Vigeant v. Postal Tel. Cable Co.

CourtUnited States State Supreme Judicial Court of Massachusetts
Citation260 Mass. 335,157 N.E. 651
Decision Date02 July 1927

260 Mass. 335
157 N.E. 651


Supreme Judicial Court of Massachusetts, Middlesex.

July 2, 1927.

Appeal from District Court of Lowell; Thomas J. Enright, Judge.

Action by Irene Vigeant against the Postal Telegraph Cable Company. From an order dismissing a report, defendant appeals. Order reversed, and judgment for defendant.

[260 Mass. 335]

[157 N.E. 652]

G. K. Gardner, of Boston, and R. A. Cutter, of Salem, for appellant.

Harvey, Harvey & Walsh and Frederic S. Harvey, all of Lowell, for appellee.


[1] This is an action of tort whereby the plaintiff seeks to recover compensation for personal injuries resulting from the collision of an automobile, in which she was riding, with a pole owned by the defendant. Both the [260 Mass. 336]plaintiff and the driver of the automobile in which she was riding were found to have been in the exercise of due care. No contention was made in the trial court or in the argument at the bar of this court that the defendant was negligent. Its liability was found and is now conceded to rest exclusively on G. L. c. 166, § 42. The pertinent words of that section are:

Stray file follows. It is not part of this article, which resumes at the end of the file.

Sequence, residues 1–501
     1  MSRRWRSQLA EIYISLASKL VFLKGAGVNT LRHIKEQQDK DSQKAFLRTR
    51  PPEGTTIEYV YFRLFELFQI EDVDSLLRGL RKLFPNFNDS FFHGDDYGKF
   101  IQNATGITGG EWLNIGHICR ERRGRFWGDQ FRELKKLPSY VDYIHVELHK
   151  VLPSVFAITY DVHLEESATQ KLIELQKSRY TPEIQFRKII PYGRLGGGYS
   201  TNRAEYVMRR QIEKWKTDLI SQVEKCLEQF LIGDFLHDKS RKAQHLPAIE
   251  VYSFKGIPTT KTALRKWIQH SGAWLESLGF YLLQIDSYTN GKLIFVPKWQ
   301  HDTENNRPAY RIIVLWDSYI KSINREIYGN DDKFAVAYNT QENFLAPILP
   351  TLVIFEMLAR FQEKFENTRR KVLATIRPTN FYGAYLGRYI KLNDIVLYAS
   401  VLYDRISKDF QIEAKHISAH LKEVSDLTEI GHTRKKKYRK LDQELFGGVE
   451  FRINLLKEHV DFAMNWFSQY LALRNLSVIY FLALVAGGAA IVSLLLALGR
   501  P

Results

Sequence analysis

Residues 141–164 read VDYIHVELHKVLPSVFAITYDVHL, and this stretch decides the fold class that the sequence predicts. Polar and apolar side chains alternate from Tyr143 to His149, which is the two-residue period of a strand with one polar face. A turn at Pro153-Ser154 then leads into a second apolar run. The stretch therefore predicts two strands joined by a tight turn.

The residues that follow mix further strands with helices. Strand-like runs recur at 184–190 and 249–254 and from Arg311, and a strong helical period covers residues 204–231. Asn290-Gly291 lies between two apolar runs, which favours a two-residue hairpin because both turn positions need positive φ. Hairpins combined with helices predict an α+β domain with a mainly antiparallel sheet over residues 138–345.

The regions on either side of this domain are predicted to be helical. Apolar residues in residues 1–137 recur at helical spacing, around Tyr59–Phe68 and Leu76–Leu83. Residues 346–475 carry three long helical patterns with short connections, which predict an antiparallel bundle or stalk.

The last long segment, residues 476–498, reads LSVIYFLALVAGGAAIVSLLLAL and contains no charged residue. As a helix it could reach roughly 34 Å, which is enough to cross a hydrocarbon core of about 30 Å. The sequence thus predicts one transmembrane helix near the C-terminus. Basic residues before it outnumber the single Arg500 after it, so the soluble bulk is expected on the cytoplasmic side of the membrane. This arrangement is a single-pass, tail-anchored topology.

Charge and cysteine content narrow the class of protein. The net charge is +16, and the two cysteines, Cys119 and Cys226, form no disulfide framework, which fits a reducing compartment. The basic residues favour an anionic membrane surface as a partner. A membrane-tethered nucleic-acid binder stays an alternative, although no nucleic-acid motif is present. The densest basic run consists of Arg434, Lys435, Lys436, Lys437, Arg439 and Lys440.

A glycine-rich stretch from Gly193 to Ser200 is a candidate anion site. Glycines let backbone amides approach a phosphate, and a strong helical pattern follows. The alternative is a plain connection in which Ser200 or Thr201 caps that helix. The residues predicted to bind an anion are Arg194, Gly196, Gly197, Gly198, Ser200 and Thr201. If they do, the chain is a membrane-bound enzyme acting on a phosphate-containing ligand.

‘A telegraph company shall be liable in damages to a person injured in his person or property by the poles, wires or other apparatus of such company.’

That statutory mandate imposes an absolute liability on a telegraph company irrespective of negligence. See Duggan v. Bay State Street Railway, 230 Mass. 370, 381, 382, 119 N. E. 757, L. R. A. 1918E, 680, and cases cited; New York Central Railroad v. White, 243 U. S. 188, 198, 20437 S. Ct. 247, 61 L. Ed. 667, L. R. A. 1917D, 1, Ann. Cas. 1917D, 629, and cases cited; Opinion of Justices, 251 Mass. 591, 601,148 N. E. 889.

[2] The single contention here urged in behalf of the defendant is that the statute deprives it of the equal protection of the laws. That contention is based on the ground that the statute subjects the defendant and other telegraph companies to unconditional liability, regardless of their due care in the erection and maintenance of their poles, wires or other apparatus and without reference to their fault, and that no such liability is imposed upon telephone companies, or electric light or power companies, or street railway companies, and that the liability of such other companies is left to be ascertained solely by reference to the common law. This, it is argued, creates under discrimination against telegraph companies and unequal favoritism toward other companies of like general nature.